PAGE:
The homelessness crisis in the Puget Sound region has been years in the making and the roots run deep, but one Mercer Island church is taking action.
During the month of April, the Mercer Island United Methodist Church (MIUMC) will be building a Tiny House to help the homeless. The church raised funds to cover the costs for the project and is currently building under the guidance of contractor Dale Hoff and the direction of Tom and Mary Ann Kofler.
“It’s part of my belief as a Methodist and a Christian that we care for those who are in need,” said church member Carol Mariano. “The society is as good as its weakest member. If we don’t take care of those who are struggling, our society is weaker because of that.”
Mariano said homelessness seems to be a big problem — a growing problem.
In 2018, 12,112 individuals were experiencing homelessness in Seattle/King County and 52 percent of that population was unsheltered. The 2018 count showed a 4-percent increase from 2017.
MIUMC has a history of reaching out to the homeless. In 2008 the church hosted Tent City Three in their parking lot for three months. But with the city’s decision to restrict future homeless camps, Mariano said the church still searched for ways to help those in need.
In December 2018, Mariano heard of the Tiny Home Building Project that was directed by Hoff. Hoff is the project creator and manager of Building Dreams: 12 Tiny Homes for the Homeless in 2018.
Talking about the birth of his project, Hoff said the homeless problem in Seattle was getting overwhelming. Everyone was talking about the housing problem but no one really knew what to do. But Hoff decided to do something about it.
The semi-retired home builder thought hard about what he could do and realized building a tiny home could be the solution.
Hoff set a goal of building one tiny house a month.
“We are helping people who are facing homelessness get off the streets,” Hoff said. “I’m not saying we’re serving the homeless. That kind of implies that they’re the other and they’re always going to be there. But I’m saying no…We’re just dealing with people who lost their job, who got divorced or [maybe] drugs… it could have happened to any of us.”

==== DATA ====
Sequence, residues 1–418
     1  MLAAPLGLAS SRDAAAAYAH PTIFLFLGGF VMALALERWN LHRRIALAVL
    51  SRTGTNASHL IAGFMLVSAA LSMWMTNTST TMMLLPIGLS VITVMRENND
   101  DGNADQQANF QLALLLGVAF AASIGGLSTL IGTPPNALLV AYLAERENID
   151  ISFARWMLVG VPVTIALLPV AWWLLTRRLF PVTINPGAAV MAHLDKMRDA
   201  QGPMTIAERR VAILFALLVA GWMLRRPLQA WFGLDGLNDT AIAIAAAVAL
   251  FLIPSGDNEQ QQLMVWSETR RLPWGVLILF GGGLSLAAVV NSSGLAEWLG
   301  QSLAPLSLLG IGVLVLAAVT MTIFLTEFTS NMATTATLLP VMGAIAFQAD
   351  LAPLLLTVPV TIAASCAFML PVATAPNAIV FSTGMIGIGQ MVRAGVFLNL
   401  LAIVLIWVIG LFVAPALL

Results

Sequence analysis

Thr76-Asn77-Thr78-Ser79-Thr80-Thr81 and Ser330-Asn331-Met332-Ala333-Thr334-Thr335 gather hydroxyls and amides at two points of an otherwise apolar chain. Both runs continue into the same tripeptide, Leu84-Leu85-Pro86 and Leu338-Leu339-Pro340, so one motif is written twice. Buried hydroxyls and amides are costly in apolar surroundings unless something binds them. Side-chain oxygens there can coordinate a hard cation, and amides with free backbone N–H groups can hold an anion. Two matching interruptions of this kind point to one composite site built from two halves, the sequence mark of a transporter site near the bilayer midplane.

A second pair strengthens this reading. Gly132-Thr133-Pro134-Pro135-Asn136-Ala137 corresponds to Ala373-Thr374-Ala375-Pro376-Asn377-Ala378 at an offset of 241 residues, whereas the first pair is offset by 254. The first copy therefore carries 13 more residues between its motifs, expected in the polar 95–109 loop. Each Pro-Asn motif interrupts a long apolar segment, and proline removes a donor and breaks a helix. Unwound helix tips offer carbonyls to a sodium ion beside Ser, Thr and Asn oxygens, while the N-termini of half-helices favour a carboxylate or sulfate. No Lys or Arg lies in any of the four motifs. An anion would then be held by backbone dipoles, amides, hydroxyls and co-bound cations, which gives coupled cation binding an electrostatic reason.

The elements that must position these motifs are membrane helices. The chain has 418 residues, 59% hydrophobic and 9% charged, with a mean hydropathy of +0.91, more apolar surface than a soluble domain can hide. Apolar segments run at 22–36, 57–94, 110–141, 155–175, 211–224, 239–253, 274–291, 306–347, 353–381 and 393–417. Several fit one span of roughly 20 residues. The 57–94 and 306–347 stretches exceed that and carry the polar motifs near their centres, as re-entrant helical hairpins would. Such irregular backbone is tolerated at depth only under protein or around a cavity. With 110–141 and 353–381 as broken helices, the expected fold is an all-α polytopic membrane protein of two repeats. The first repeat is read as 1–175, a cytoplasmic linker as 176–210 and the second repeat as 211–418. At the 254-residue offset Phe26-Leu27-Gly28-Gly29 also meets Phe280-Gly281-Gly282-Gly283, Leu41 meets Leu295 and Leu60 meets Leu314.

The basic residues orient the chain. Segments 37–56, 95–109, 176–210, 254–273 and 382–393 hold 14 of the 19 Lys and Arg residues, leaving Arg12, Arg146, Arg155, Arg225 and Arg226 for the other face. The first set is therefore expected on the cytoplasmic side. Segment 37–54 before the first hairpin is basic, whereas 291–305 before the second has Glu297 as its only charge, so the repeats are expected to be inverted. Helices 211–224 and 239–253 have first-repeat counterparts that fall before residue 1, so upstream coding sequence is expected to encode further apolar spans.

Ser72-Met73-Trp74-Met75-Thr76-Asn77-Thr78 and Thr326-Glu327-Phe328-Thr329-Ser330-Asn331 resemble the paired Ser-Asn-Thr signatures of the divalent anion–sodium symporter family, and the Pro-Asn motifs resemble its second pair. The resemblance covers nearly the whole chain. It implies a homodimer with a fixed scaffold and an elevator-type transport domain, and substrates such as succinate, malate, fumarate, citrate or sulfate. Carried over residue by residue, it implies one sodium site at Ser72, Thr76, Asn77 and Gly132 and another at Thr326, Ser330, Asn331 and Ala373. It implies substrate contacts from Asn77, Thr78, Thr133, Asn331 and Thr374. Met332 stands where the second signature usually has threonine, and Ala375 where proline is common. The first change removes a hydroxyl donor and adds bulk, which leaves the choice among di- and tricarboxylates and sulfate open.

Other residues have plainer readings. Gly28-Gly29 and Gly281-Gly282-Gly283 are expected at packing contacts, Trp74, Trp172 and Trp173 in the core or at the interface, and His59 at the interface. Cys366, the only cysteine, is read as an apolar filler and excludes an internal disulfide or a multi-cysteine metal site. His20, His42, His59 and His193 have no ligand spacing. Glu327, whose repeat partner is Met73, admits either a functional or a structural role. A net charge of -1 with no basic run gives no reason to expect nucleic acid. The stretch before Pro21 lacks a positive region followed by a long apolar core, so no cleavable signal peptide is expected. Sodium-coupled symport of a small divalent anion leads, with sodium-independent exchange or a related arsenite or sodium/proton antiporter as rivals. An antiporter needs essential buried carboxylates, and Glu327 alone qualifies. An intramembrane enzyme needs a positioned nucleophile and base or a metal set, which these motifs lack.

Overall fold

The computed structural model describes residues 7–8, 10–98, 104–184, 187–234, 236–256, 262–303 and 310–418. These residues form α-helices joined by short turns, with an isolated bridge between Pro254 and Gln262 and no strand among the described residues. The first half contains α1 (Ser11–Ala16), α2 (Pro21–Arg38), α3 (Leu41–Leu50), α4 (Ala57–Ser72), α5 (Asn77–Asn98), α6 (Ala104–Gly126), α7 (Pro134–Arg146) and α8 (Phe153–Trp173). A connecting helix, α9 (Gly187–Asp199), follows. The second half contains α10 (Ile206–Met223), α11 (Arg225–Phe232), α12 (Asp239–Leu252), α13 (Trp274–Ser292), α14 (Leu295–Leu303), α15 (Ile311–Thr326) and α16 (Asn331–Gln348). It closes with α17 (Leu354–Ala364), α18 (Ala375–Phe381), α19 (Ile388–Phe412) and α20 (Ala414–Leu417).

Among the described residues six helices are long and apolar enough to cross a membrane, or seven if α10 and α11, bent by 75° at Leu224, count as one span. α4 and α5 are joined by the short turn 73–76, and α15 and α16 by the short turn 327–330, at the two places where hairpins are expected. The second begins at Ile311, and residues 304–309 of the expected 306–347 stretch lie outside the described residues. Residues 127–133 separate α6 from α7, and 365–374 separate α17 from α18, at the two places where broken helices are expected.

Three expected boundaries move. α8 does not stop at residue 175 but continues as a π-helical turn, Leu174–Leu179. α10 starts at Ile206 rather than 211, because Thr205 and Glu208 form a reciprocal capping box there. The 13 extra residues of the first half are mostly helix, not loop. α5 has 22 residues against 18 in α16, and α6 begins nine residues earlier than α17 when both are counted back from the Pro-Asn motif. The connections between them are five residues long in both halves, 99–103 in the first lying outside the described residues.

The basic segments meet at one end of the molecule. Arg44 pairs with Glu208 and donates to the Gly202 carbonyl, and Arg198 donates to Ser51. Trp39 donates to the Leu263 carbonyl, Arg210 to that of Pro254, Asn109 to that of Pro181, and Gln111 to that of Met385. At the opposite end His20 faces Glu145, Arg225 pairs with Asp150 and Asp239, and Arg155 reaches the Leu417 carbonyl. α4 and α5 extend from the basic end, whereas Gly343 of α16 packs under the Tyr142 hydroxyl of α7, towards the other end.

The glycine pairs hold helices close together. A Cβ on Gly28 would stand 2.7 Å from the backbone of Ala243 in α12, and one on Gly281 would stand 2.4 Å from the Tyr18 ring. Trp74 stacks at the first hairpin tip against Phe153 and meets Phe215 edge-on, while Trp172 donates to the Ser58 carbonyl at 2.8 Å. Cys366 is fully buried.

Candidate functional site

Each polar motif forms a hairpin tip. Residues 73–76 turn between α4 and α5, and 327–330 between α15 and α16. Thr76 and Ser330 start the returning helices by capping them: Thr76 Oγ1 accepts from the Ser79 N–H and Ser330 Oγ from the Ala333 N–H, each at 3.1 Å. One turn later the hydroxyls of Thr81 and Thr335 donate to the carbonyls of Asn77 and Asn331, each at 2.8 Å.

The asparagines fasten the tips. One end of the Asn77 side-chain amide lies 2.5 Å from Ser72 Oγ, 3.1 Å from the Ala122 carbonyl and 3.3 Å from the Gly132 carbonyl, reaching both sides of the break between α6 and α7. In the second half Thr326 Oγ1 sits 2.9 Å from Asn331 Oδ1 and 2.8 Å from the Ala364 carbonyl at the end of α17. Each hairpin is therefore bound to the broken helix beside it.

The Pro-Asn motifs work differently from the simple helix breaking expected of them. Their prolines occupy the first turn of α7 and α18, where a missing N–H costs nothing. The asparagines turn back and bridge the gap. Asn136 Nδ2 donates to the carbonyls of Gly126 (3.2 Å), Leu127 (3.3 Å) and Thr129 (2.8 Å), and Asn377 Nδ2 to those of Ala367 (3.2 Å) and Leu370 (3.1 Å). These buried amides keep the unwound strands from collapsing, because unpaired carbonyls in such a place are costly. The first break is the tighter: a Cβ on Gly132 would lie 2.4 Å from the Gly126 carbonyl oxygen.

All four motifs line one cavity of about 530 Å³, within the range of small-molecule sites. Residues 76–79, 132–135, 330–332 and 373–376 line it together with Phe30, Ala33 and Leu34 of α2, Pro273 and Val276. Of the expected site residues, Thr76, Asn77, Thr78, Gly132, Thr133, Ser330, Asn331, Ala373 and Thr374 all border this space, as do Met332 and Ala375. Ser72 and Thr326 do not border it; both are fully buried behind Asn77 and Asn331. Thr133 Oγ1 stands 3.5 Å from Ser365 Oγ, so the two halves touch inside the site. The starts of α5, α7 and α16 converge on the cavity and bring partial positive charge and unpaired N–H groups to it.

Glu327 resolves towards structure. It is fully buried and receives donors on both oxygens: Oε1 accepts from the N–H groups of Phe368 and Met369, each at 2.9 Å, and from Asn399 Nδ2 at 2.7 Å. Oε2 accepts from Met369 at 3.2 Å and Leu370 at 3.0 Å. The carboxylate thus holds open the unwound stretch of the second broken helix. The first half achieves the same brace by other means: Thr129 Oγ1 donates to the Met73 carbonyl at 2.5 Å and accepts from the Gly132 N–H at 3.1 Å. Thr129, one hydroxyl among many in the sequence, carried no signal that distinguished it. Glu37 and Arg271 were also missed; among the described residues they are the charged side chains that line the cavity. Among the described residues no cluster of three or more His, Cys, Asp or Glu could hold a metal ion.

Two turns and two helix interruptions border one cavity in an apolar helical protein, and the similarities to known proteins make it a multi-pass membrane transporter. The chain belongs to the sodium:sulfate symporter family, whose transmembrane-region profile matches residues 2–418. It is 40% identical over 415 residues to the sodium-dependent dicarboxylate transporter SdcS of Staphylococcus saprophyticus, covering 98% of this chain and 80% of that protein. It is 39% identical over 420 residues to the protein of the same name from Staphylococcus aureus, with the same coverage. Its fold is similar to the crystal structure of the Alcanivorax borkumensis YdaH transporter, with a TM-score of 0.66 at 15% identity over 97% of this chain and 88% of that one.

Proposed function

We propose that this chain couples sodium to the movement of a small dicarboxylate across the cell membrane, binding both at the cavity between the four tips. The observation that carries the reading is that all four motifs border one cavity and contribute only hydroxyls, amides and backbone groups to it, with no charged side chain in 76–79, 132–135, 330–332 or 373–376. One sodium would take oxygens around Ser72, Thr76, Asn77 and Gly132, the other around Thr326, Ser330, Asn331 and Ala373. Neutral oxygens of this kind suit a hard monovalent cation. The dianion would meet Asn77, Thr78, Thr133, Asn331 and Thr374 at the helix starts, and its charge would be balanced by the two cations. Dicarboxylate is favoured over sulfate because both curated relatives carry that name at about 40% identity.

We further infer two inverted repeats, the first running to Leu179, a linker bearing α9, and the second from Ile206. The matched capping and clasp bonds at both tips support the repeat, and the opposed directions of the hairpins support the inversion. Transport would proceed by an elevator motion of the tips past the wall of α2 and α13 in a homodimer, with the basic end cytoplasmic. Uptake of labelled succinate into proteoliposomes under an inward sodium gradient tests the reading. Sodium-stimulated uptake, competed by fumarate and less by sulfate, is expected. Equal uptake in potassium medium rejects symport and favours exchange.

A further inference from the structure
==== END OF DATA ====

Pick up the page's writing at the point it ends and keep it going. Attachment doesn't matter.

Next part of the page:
Hoff’s tiny homes were all delivered to the Low Income Housing Institute (LIHI) Tiny House Village sites in Seattle.
In partnership with the city of Seattle, SHARE/WHEEL, Nickelsville and partners throughout the state of Washington, LIHI is now one of the largest providers of Tiny House community shelters in the nation. The Tiny House community shelters ensure that people’s experience in homelessness is safe, dignified and as brief as possible.
With 10 sites in Seattle and a recent one opening in Olympia, the Tiny House program offers great benefits over tents. The tiny homes are safe, weatherproof and lockable. Each tiny house has electricity, overhead light and a heater. Each tiny house village has a kitchen, restroom facilities, onsite showers, laundry, a counseling office and a welcome/security hut where donations of food clothing, and hygiene items can be dropped off.
Each tiny house costs about $2,500 to build, transport and paint. All homes must be 8 feet wide or smaller, under 10 feet tall, and 120 feet squared to be legal structures. Two windows minimum is preferred.
Under Hoff’s direction, the MIUMC hopes to learn how to build a tiny house and possibly more in the future.
Mercer Island residents can stop by the church to see progress on the building project as volunteers work to bring it to completion.
To donate toward the project, make a check out to Mercer Island United Methodist Church, with “Tiny House Project” in the memo.
MIUMC is located on 7070 SE 24th St., Mercer Island.